Walking in my neighborhood the other day, I saw two sights worthy of mention here. One carries with it a cautionary note and the other an opportunity for adding a distinctive ornamental touch to your garden.
On the trunk of a eucalyptus tree, mushroom conks were growing. A conk is the fruiting body of a bracket or shelf fungus. Many years ago, a large branch broke off near the base of this tree and the conks had developed in a trunk depression created at that time. A properly healed tree wound closes over completely by growth of surrounding cambium tissue but here a gaping wound had remained.
Microscopic fungal spores are everywhere and it took many years but one finally gained entry into the tree, a sign that the interior wood is beginning to rot. The vast majority of fungi or mushrooms (the fruiting bodies of certain fungi) are known as saprophytes (sapro = decay [nourished], phyte = plant), as if to say fungi are plants that feed off decaying organisms, even though fungi are not actually plants since they do not make their own food through photosynthesis but derive it from decomposing organic material.
The lesson here is to make sure trees are annually checked for large, lopsided branches that could break off; they should be removed prior to winter storms. I have seen immense eucalyptus trees – sometimes leaning, sometimes straight – topple over in heavy rain since their roots are shallow; if you have a large eucalyptus growing in sandy soil, you will need to keep it continually thinned out to ensure it does not fall during a storm. On several occasions, I have seen Italian stone pines (Pinus pinea), those with flat canopy domes, topple over as well when their canopy growth was significantly asymmetrical.
There are 40,000 species of fungi in North America; 250 are poisonous. Bracket conks, for example, are nontoxic. Nevertheless, extreme care should be exercised before taking a bite from any mushroom. Toadstools and other lawn mushrooms are generally nontoxic but, as a rule, it is not a good idea to let puppies or small children outside before removing mushrooms from the lawn or garden. Mushrooms sprout where compost was applied, where an old piece of wood is decomposing, or where a tree stump or its roots have rotted. Thus, mushrooms can be a positive sign, indicating a high level of soil fertility. Digging out mushrooms does not cause them to spread, and they should disappear without special treatment. You can identify mushrooms you find in your garden or elsewhere at mushroomobserver.org. Following free registration, you enter the geographical location of your mushroom, upload its photo and, shortly thereafter, one of the mushroom mavens who visits the site will reveal its identity.
Besides the conks, a China doll (Radermachera sinica) tree was the other noteworthy encounter made on my recent walk around the block. Regaled as a sturdy houseplant, China doll needs a good dose of bright light indoors, but outdoors it does best grown in half-day sun or shade. Years ago, I saw a mature China doll at the Los Angeles County Arboretum in Arcadia that was thriving in partial sun. China doll is one of the most elegant plants in the world. It has delicate bipinnate leaves that are a deep shiny deep green in color. It is also known as the emerald tree, perhaps on account of its opulent, sparkling, gem-like mien. This is not a shade tree, but has highly ornamental foliage and a radiant look that are second to none. China doll is surprisingly hardy. Although it is native to the Philippines and is sold everywhere as an indoor plant, it has thrived in outdoor gardens in California as far north as San Jose.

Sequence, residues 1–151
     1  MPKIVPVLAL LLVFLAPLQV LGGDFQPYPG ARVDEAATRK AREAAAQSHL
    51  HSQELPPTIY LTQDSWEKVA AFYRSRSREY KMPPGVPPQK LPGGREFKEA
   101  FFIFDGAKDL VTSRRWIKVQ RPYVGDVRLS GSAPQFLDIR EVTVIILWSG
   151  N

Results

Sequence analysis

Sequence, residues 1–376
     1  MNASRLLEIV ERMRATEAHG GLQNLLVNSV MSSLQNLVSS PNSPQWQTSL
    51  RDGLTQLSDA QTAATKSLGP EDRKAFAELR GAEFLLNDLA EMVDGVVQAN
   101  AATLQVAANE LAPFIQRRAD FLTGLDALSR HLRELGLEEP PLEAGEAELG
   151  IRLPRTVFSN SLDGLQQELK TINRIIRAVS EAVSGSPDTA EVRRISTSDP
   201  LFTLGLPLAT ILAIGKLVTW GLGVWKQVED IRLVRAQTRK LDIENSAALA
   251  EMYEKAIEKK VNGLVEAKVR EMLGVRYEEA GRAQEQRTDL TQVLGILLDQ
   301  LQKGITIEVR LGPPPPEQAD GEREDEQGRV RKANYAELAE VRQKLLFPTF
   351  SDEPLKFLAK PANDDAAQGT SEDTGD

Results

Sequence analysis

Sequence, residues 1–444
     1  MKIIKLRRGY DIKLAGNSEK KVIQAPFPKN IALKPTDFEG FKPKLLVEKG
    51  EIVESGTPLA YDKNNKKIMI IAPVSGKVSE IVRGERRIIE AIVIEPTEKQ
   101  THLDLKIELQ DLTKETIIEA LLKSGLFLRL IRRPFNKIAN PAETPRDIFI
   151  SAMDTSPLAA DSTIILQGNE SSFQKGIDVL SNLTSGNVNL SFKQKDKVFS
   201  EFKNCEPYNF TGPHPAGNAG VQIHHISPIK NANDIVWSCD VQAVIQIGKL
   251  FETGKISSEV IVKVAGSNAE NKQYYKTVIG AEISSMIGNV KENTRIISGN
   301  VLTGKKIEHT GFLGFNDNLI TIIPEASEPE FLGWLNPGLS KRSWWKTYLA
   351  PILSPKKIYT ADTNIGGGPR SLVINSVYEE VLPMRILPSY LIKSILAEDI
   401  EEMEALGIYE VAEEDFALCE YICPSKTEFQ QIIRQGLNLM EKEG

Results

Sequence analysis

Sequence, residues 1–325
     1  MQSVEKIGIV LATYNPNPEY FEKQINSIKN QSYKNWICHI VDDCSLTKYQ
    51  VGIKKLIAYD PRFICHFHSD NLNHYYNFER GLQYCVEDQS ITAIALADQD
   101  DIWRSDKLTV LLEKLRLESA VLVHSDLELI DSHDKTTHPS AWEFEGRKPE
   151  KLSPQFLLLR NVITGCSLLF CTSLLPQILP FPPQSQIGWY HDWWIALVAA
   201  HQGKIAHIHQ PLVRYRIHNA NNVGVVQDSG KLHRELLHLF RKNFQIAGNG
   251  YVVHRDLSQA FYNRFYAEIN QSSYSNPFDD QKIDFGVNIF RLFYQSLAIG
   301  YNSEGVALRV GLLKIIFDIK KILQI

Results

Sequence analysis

In tropical settings, China doll puts on explosive growth, reaching its mature height of 30-plus feet in just a few years. In our drier climate, however, it may never reach that height. Tropical plants growing in subtropical, temperate, or Mediterranean climate zones such as our own often do not reach their full genetic potential. Still, tropical plants that can grow outdoors in our area develop a tolerance for dryness, but only as they mature. The Hawaiian elf (Schefflera arboricola) is the best example of this. This common indoor plant will grow into an outdoor garden lover’s 6-foot-tall by 6-foot-wide shrub with umbrella-shaped leaves and orange berries in shade or partial sun. It will require regular water until firmly established, but upon reaching maturity will need only as much water as most other woody shrubs, including natives. If you have a story about a plant generally grown indoors that has succeeded in an outdoor environment, please send it to me so I can share it with readers of this column.
California native of the week: Incienso or brittlebush (Encelia farinosa) is a mounding plant with silver foliage and yellow daisy flowers. Incienso means incense in Spanish and refers to its resinous sap that was used for this purpose in the early Spanish missions of the Southwest. Its foliage is also potently fragrant. The brittlebush epithet refers to its stems that are easily broken. Its species name of farinosa is attributable to the mealy (farina = meal or flour) texture of its foliage due to the presence of matted hairs. Sun-reflecting silver foliage and hirsute foliage are both characteristics of drought-tolerant plants and this one is at the top of that list. It may be short-lived but as long as soil drains well, seeds should easily self-sow and new plants should always be coming along. As you go north on the 405 Freeway where it leaves the San Fernando Valley, look to your right and you will see a mounding silver leaved shrub that has completely covered a slope. Caltrans has been hydroseeding brittlebush throughout Southern California and this accounts for its spread into areas beyond its habitat.
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